Depending on one’s party affiliation, Maryland is either an economic powerhouse or a national laggard with serious business-climate issues.
But a report released by the Urban-Brookings Tax Policy Center on Tuesday, which compiled multiple economic indicators for all 50 states, suggests the Free State is really just in the middle of the pack.
Maryland’s gross domestic product grew 2.4 percent between 2011 and 2012. While that’s just shy of the national average of 2.5 percent, it is similar to pre-recession rates, said Richard Clinch, director of economic research at the University of Baltimore’s Jacob France Institute.
“It’s not a terrible rate of growth,” Clinch said. “You typically want to see the expansionary periods in the threes. But not bad.”
Other statistics — including unemployment, which was 6.7 percent when Urban-Brookings conducted its analysis, and a 30.1 percent increase in average monthly new housing permits between May 2012 and May 2013 — also put Maryland near the national median.
The data, released in the first quarterly review of state economic conditions by Washington-based Urban-Brookings’ State & Local Finance Initiative, did not surprise economic and policy wonks in Maryland.
“Maryland is in the middle of the pack in just about everything,” Clinch said. “If you’re a Democrat, you say Maryland is the greatest state and everything is going well, and if you’re a Republican you say we’re doing everything wrong. Maryland is a middle-of-the-pack state, but we have above-average assets.”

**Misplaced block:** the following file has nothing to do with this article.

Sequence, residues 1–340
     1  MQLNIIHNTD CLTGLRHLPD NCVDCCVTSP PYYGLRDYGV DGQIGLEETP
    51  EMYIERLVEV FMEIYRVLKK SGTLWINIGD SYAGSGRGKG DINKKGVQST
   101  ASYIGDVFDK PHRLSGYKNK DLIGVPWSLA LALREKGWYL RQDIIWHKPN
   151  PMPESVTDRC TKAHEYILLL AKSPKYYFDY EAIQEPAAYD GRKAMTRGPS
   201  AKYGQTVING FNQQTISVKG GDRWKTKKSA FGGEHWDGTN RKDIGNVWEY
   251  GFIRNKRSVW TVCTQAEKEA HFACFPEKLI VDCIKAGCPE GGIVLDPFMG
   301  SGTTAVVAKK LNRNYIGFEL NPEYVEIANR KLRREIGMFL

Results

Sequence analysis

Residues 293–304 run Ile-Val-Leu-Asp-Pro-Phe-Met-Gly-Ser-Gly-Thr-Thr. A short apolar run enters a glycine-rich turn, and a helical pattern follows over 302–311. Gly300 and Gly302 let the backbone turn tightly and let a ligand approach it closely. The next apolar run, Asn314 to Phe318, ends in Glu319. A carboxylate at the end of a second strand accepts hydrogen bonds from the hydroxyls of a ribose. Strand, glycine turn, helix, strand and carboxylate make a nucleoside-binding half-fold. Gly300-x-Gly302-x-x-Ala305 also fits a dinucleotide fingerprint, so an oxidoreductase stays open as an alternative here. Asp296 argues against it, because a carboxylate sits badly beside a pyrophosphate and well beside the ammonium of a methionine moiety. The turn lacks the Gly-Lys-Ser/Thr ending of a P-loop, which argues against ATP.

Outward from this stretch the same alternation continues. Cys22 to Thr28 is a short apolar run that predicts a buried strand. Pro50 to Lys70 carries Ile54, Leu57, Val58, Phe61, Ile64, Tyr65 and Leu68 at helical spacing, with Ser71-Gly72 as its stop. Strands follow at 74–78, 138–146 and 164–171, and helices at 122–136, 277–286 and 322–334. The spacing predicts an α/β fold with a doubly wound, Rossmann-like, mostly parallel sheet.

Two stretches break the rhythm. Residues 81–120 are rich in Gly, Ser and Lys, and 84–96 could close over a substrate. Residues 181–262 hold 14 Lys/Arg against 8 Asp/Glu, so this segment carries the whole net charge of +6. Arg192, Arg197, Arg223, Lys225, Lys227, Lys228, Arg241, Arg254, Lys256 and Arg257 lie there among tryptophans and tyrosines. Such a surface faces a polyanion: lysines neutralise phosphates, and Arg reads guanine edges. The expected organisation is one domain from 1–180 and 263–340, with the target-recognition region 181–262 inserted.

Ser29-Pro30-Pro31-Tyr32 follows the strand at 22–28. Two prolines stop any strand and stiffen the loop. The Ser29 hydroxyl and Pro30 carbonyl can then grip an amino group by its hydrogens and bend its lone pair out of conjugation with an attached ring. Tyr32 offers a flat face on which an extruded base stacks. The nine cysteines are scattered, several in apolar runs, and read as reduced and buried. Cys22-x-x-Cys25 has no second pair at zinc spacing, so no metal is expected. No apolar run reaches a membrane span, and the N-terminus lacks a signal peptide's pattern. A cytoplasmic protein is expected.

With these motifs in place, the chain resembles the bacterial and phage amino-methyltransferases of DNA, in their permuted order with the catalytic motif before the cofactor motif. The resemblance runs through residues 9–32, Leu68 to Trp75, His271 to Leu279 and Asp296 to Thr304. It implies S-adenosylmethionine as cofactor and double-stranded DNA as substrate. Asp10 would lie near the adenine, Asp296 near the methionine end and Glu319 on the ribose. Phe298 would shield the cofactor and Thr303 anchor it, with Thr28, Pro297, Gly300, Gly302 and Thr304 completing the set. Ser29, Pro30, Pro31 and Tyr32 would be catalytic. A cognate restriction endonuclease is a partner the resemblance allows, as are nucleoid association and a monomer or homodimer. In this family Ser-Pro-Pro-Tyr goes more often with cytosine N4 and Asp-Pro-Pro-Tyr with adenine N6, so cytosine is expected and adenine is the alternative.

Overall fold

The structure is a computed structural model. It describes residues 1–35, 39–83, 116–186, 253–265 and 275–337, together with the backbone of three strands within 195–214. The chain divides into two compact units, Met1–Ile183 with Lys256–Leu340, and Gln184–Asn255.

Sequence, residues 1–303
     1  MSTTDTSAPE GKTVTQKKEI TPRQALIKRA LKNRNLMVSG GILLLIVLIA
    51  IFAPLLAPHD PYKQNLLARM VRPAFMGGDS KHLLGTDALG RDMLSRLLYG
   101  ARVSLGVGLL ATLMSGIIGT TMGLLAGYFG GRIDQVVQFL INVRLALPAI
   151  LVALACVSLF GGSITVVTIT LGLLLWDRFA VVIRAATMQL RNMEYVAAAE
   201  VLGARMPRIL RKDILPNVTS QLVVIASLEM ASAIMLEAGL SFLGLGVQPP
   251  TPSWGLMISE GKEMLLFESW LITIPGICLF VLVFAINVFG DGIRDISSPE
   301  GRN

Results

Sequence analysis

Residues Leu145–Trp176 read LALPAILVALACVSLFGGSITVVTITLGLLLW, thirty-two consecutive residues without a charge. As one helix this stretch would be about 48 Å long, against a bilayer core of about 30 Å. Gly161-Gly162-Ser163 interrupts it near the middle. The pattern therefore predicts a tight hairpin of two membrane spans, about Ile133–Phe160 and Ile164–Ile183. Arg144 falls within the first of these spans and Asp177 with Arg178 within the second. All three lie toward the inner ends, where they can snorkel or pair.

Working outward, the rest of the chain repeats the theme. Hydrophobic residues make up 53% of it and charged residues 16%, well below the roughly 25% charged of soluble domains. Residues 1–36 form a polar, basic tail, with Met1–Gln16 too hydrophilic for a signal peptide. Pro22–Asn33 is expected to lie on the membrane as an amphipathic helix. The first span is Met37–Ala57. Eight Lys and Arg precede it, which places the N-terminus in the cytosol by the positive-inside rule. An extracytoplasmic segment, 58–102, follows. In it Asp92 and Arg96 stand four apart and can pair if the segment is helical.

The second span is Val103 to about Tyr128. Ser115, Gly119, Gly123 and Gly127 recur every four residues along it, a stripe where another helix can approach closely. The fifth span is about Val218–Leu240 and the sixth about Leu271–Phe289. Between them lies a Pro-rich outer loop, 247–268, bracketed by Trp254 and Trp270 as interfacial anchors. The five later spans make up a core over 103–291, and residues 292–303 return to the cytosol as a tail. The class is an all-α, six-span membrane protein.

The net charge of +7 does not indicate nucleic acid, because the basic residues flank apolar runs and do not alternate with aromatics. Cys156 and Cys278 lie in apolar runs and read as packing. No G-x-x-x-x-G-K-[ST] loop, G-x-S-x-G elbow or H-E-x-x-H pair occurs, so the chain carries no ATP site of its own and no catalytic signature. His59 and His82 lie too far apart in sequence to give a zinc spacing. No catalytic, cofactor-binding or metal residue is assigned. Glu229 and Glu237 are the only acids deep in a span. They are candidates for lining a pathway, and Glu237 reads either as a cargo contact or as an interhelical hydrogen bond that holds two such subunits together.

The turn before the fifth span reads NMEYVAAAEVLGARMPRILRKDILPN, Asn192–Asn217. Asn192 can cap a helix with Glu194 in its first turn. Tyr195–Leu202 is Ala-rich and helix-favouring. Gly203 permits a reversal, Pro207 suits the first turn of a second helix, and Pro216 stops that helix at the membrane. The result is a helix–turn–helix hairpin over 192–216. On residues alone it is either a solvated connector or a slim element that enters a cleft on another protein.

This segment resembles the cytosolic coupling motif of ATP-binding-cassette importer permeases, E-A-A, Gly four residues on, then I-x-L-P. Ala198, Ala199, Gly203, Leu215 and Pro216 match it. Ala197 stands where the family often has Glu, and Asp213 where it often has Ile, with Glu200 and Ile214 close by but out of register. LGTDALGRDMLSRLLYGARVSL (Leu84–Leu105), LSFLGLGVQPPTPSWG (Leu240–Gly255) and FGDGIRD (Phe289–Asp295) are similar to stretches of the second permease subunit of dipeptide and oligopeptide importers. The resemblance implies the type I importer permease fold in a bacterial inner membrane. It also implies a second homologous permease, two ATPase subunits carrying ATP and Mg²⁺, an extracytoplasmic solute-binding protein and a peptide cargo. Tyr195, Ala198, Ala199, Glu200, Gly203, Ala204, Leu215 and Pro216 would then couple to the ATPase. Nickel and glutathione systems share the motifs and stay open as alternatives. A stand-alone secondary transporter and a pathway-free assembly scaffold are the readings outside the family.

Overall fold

Those assets should put the state ahead of the pack in terms of economic development, said Christopher B. Summers, founder and president of the Maryland Public Policy Institute. Tax policy prevents that, he said.
“Maryland has so many great attributes to it. It just continuously makes some very wrongheaded policy decisions because they can; because you have a one-party combination at the State House,” Summers said, referring to Democrats’ supermajority in the House of Delegates and Senate. “The big question that needs to be answered is, ‘What needs to happen in this state to make it a more robust state for entrepreneurship and innovation?’”
The U.S. Chamber of Commerce in May ranked Maryland No. 1 for entrepreneurship and innovation, piling on to a recent Entrepreneur Magazine ranking calling Maryland the best state in which to start a business. Tax incentives pushed by Gov. Martin O’Malley and General Assembly leaders have lent a hand to growth industries — such as cyber security and biotechnology — guiding the U.S. Chamber’s ranking.
But Summers said tax breaks for targeted industries can’t lift Maryland to the upper echelon of state economies. A more competitive tax policy is required, he said, to effect permanent and meaningful change.
Until then, some say the state economy might act something like a baseball team stocked with All Star talent, but unable to rise above third place in the division standings. The state has for years had the top-ranked public schools in the nation, and Maryland’s work force is among the most educated from sea to shining sea.
“It has so much promise and potential,” Summers said. “Yet the policies they keep implementing, it continues to make it unattractive and to push people out.”
“Maryland chooses to have a set of policies that puts itself in the middle of the pack, when it could be doing better in economic growth,” Clinch said. “But I don’t think we’re a state that has made horrifically foolish decisions. Maryland invests its money relatively wisely.
“Maryland has always done decently with great assets. The question is, ‘Why aren’t we doing great with great assets?’”